An Initial Sketch of Type A Behavior and a Needed Change in Perspective
In the first blog post on Type A behavior patterns (TABP), I noted that those who exhibit this type of behavior tend to have issues with time, people and events. I wrote that these persons view the passage of time, the presence of others, and the unexpected interruptions of occurrences as enemies and obstructions to personal fulfillment. In fact, time, people, and events are secondary to the fulfillment of personal goals, however small and ultimately trivial those goals may be. Time becomes “my time” and such persons might be overheard saying, “My time is precious, don’t waste my time.” People become a means to an end so that others are not appreciated for their intrinsic value as icons of the living God, but rather as “what can you do for me in order for me to accomplish my goals?” The logic is my goals determine your value in my mind. And even events, parsed into my events and not my events, are perceived as always within the scope of control of the individual who does not like surprises. Type A people might comment about an event that didn’t turn out as planned by saying, “If only I had worked harder or done this instead of that.”
For the Christian, time, people, and events are the loci of salvation and as such belong first and foremost to God, not to me. Time is not a matter of “my time,” but God’s time revealed in salvation history to which the Christian strives to conform. Time is a gift from God and an opportunity for repentance. The rhythm of daily prayer established by the Church confirms the importance of conforming to God’s time in the working out of salvation and the remembrance of God. Time is the temporal space in which a sacrifice of praise can be offered to God. Saint John Climacus writes in The Ladder of Divine Ascent that time belongs to God and is patiently offered to us in order for us to repent.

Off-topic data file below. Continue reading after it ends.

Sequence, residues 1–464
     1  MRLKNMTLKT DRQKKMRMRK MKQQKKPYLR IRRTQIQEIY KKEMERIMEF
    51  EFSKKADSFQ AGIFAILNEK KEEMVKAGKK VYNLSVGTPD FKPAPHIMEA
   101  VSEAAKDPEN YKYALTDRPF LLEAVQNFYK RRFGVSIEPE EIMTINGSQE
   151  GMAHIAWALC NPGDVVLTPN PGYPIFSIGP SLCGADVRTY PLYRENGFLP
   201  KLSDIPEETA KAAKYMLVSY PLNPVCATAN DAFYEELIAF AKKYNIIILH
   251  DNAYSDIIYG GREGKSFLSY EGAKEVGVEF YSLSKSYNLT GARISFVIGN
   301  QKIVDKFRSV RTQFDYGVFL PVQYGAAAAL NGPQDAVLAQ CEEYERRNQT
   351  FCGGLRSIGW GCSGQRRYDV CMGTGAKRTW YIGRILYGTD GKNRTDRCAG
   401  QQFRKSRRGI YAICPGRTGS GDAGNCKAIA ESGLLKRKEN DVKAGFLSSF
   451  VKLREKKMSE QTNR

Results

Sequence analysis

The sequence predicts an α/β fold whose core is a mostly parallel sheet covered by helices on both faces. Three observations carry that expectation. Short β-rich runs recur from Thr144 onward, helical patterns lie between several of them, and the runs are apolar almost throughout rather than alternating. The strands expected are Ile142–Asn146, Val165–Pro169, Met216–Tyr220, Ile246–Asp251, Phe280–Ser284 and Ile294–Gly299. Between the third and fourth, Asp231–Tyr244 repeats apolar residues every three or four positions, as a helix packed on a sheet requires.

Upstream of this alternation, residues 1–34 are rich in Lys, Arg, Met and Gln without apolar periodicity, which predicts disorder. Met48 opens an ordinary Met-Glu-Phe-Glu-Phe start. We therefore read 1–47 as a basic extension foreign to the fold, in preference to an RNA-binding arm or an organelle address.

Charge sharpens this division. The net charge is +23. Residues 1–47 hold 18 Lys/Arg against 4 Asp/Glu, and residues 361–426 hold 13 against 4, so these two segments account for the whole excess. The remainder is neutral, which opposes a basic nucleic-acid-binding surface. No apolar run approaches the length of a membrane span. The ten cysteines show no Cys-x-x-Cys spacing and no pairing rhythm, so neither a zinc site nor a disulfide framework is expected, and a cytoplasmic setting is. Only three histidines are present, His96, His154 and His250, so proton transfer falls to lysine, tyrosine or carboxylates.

Likewise, people are to be treated as brothers and sisters in Christ. More importantly, our salvation is contingent upon how we treat others. Our relationship to others is so important that many holy fathers remind their spiritual children that they should not approach the chalice for Holy Communion until they are reconciled with their brothers and sisters. One’s fellow man can never be treated as a means to an end, even if the end is a lofty and virtuous one.
In the Christian worldview, the events and circumstances of life are guided by the providential love of God. No event is seen as accidental or mere happenstance. Rather, the vigilant Christian views the circumstances of life as opportunities permitted by Divine Providence for our eternal benefit. They can also be reminders to fulfill the commandments of Christ, leading us back to the very source of our life. In an earlier post, I wrote, “The saints are those who have adapted to the circumstances of life, most especially to the slings and arrows of outrageous fortune. They trust in the blessed expectation provided by Christ and on a personal level maintain realistic expectations about themselves and others. For example, to embark upon the true Christian life with the unrealistic expectation that there will be no suffering involved is a recipe for disaster and disillusionment.”